A study carried out by Asian Development Bank (ADB) revealed that the mean temperature in the region increased by 0.1 to 0.3 degree Celsius per decade between 1951 and 2000; rainfall trended downward from 1960 to 2000; and sea levels have risen 1 to 3 millimeters per year. Heat waves, droughts, floods and tropical cyclones have also become more intense and frequent. The same study projects a 4.8 degrees Celsius rise in mean annual temperature and a 70-centimeter rise in the mean sea level by 2100 in Indonesia, the Philippines, Thailand and Vietnam.
ASEAN farmers actually have been practicing organic farming and good agriculture practices. This effort should be combined with CSA to increase the region’s resilience. There are several ways to mix these sustainable agriculture practices. First is insurance, which protects farmers from crop losses as a result of bad weather and encourages them to innovate.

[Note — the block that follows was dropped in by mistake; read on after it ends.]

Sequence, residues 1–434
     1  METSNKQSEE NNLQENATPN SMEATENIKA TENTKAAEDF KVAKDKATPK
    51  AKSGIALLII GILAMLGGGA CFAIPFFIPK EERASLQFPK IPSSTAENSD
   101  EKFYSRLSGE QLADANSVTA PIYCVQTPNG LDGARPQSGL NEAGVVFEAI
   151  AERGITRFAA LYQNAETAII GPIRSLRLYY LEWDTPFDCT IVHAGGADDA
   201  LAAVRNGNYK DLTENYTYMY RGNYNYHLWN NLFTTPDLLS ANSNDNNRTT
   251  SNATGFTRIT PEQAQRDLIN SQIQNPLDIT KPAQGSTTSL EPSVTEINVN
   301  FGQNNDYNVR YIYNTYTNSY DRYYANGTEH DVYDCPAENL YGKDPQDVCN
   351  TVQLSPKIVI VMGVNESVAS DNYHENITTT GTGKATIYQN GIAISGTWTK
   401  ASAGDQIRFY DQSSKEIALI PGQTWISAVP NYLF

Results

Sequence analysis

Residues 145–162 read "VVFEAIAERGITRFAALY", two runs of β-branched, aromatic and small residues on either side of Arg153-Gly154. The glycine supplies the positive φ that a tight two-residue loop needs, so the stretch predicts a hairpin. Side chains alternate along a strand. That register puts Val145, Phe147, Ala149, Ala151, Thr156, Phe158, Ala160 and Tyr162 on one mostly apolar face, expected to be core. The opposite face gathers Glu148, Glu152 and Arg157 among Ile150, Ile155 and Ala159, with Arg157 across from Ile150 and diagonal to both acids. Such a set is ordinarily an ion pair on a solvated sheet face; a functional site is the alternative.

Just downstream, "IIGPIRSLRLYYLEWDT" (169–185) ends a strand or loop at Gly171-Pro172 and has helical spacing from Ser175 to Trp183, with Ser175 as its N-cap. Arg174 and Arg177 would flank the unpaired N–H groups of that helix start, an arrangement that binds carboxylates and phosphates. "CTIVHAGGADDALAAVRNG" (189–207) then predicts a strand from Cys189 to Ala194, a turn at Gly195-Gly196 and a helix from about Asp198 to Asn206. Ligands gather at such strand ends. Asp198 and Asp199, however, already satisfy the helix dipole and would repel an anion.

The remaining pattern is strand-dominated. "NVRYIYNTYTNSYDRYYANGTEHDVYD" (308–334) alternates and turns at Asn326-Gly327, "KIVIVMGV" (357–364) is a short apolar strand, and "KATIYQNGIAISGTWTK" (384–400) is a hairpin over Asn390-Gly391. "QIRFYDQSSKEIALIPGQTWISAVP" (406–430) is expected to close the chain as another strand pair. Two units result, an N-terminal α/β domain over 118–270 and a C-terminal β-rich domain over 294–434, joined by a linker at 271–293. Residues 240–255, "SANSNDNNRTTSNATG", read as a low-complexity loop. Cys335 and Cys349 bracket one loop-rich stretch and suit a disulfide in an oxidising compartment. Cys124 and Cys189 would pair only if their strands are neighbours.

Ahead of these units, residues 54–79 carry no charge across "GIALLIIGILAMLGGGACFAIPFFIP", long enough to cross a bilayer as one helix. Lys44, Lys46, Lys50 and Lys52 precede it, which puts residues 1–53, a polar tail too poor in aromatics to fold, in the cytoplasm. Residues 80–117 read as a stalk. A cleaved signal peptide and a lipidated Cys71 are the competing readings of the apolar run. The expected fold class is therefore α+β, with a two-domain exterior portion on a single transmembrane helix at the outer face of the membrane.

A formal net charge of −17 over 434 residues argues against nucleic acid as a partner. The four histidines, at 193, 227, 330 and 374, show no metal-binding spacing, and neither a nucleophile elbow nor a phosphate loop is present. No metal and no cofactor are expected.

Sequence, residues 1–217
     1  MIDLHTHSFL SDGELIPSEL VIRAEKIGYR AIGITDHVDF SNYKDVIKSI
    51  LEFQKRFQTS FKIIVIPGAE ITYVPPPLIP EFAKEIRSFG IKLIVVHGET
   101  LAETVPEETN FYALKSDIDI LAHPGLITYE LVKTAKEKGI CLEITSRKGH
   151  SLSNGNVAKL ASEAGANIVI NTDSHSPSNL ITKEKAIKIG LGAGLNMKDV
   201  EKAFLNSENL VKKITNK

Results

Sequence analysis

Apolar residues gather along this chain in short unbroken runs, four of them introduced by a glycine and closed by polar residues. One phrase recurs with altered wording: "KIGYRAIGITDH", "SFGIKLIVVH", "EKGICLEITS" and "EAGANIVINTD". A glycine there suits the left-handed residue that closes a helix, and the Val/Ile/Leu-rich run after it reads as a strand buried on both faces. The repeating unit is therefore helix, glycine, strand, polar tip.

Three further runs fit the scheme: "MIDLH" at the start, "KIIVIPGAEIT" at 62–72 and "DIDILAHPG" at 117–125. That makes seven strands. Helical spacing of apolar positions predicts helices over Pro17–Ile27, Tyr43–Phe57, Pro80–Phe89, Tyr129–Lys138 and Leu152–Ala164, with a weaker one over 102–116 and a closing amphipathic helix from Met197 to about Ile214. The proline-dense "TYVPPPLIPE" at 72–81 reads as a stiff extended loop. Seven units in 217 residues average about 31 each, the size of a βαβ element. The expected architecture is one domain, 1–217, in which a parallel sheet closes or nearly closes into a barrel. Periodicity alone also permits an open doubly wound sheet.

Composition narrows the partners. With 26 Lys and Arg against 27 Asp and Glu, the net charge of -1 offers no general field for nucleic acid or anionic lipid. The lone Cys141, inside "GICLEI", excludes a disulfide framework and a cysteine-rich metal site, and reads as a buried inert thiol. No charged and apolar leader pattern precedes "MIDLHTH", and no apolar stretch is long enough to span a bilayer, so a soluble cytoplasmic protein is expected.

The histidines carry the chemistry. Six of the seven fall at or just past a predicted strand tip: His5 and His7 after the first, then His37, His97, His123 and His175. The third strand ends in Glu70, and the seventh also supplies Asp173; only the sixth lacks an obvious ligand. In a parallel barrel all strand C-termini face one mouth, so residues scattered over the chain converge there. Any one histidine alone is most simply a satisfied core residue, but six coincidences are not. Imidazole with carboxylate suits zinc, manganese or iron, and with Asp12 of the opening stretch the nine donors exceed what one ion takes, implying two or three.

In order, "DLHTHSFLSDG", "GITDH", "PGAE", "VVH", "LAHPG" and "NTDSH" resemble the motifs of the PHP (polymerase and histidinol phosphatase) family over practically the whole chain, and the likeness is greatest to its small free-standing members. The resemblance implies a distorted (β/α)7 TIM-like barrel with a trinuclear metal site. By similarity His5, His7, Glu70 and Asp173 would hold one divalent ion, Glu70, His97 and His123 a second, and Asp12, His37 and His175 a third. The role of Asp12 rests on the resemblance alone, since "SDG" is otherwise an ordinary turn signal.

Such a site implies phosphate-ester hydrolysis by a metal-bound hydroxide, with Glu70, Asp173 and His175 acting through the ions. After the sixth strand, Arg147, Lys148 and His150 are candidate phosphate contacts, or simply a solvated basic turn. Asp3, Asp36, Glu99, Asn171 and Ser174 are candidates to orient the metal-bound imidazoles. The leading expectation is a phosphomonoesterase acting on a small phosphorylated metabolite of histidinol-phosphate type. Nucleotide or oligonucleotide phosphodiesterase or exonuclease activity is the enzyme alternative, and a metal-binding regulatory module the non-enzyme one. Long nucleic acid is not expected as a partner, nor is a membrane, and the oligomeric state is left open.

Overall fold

Weather index-based insurance schemes can help secure farmers’ livelihoods and enable them to invest in climate-smart technologies. It will improve millions of farmers’ adaptive capacity with the help of climate-smart insurance. Through close collaboration with farmers, civil society, governments and researchers, it will support the concept and practice of CSA in farmers’ fields and in global initiatives.
Another way is improving early-warning systems for agricultural resilience. Such systems can help avoid extreme climate events that undermine agriculture and rural development. Recommendations can be given to policy makers to strengthen existing and developing new early-warning systems that would provide an alert of a potential weather-related disruption in food production.
Climate information is also considered as an integral agricultural input just like seeds, fertilizers and other basic material production. Farmers should access climate information. Participatory climate information services for Agriculture can help farmers make informed decisions based on accurate, location specific, climate and weather information; locally relevant crops, livestock and livelihood options; and with the use of participatory tools to aid their decision making.